Avilla wasn’t the only one collecting her own followers, of course. Cerise was teaching witchcraft to Tina’s childhood friend Beri, and she’d picked up a couple of other novices as well. She’d also more or less taken over Corinna’s band of warrior dryads, and she’d been continuing our experiments with powering up the nature spirits by pouring mana into their land.
“You’re going to love all the benefits you get out of the deal,” she told me. “It’s working just like we thought. I feed magic from my amulet into their land, and it makes them stronger. Then they do their thing, and it makes me stronger too.”
“Their thing?” I asked.
She grinned at me. “You’ll see. Pelagia is going to hold a revel for you, to get things going with her grove. It’s heady stuff, the way they practically worship you when they’re showing their appreciation.”
“I’m not a god,” I pointed out.
“Not yet. This is going to make both of us demigods, though, and I bet we don’t stop there. What are the odds we can get our hands on some of Idun’s apples before this war ends?”
“Speaking of which, I noticed a substantial change in your life force,” Elin put in. “I don’t think you’re as mortal as you were when you left. Do you have any idea what could have caused that?”
“Huh. Interesting. Well, it turns out that Gaea grows magic bananas that work a lot like the golden apples in Asgard.”
“What’s a banana?” Tina asked curiously.
“Wait, you stole some?” Cerise exclaimed. “I want one!”
“A kind of fruit that doesn’t grow in Europe,” I told Tina. “And no, I didn’t steal any. I didn’t even know what they were, until Mara gave me one.”
Everyone looked a bit startled at that.
“She must really like you,” Tina observed.
I shrugged. “She’s kind of a mess. I think she’s interested, but her family problems are as bad as it gets. Her mother’s holding her immortality hostage, the brothers she grew up with are a bunch of rapists, and she’s so desperate for her father’s approval that she’ll happily help him murder everyone in Europe.”
Cerise and Avilla exchanged a speculative look.
“We were wondering if it was something like that,” Avilla said. “But, her own brother?”
“More than one of them,” I corrected. “Gaea set things up so that would happen on purpose. I’m not sure if she’s just a cruel bitch, or if there’s some devious purpose to it all. Either way, Mara’s a long way from being over it.”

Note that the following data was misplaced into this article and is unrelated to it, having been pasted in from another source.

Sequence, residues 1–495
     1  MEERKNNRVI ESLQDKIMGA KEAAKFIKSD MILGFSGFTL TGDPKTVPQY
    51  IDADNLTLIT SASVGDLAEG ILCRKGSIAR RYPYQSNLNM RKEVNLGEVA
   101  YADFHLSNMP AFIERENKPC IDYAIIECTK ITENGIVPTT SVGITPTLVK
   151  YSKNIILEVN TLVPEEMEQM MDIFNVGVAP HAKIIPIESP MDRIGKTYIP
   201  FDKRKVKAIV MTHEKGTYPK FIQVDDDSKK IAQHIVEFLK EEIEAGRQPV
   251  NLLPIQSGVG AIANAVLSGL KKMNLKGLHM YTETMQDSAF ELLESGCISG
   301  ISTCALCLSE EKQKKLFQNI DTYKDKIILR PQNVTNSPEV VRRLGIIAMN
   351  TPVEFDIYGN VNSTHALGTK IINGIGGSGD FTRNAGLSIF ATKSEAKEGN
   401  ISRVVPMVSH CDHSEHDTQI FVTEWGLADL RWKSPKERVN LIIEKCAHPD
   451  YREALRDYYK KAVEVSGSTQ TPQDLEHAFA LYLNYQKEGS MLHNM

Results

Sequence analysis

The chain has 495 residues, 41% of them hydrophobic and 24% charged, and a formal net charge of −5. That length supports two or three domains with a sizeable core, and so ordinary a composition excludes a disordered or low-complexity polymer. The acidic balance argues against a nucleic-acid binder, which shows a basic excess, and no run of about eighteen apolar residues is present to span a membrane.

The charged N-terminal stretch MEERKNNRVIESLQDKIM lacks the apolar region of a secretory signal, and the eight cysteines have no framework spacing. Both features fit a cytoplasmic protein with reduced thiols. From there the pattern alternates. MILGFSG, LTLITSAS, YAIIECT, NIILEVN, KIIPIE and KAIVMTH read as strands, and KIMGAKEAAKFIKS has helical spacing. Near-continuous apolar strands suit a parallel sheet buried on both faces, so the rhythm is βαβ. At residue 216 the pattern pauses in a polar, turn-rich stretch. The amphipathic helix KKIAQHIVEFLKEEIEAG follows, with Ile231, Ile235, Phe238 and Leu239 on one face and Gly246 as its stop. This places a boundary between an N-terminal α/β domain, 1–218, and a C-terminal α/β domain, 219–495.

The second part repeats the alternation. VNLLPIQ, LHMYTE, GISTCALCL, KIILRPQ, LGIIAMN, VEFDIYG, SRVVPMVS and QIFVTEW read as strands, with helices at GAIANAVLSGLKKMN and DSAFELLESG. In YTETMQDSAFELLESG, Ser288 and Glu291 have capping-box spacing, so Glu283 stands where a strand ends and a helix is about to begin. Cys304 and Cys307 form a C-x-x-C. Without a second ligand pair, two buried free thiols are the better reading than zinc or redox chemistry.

“We have to help her,” Tina declared.
“I’d like to,” Avilla agreed. “But I’m not sure it’s wise. There’s not much to be done for people who aren’t right in the head, and she’s very powerful. If she ever has a breakdown, or just has a bad day and lashes out, people could die.”
Elin sighed. “I agree with you, Avilla. She’s a risk, and an added complication to what is already a quite complicated situation. But can we really turn her away, if she comes to us for help? If she has really endured such a horror, and come out of it unbroken, I can’t help but feel sympathy for her.”
“Sounds like we’re moving on to the heavy subjects,” Cerise said. “Good timing, because I’m completely stuffed. How about we take this discussion to the ritual chamber?”
“It has the best wards,” Avilla agreed.
It was also isolated and soundproof, so we’d be able to keep anyone from overhearing us. If there was anywhere we could make plans without being spied on, it was there.
“So, what all do we need to talk about?” I asked once the doors were safely sealed.
“Can you tell us more about how the mission went?” Avilla said. “I didn’t dare ask before, but it should be safe to talk here.”
I shrugged. “I planted the device. If it worked right the andregi won’t have any more sleeping warriors to wake, so they’ll stop getting reinforcements any day now. There were a couple of complications, though.”
I went on to describe Brand’s disastrous raid on the Halls of Slumber, and my own encounter with Mara. Elin still seemed a little miffed about that, but Cerise and Tina were all smiles.
“Do you think we can make an ally of her?” Avilla sked.
“Definitely. She’s pretty attached to her father’s side of the family, so I don’t think she’s going to turn on them. But on a personal level she’s desperate for companionship, and I think we connected. Besides, she’s already asked for my help with something that’s pretty important to her. It seems she’s about to have a little sister, and she’s trying to find some way to keep the poor girl from growing up the way she did.”
That required more explanation, of course. By the time I’d finished the tale Elin had reluctantly come around to lobbying in Mara’s favor.
“This will, however, be quite dangerous,” she observed. “If Gaea is pregnant she will likely avoid battle, and stealing a child from her would not be easy. I don’t know how we could hide the girl for any length of time.”
“Hiding isn’t going to work,” I said. “The only way we survive getting involved in this, is if Gaea dies before Ragnarok is over.”
They all stared at me in shocked silence for a long moment.
“Can you kill a goddess, Daniel?” Tina asked timidly.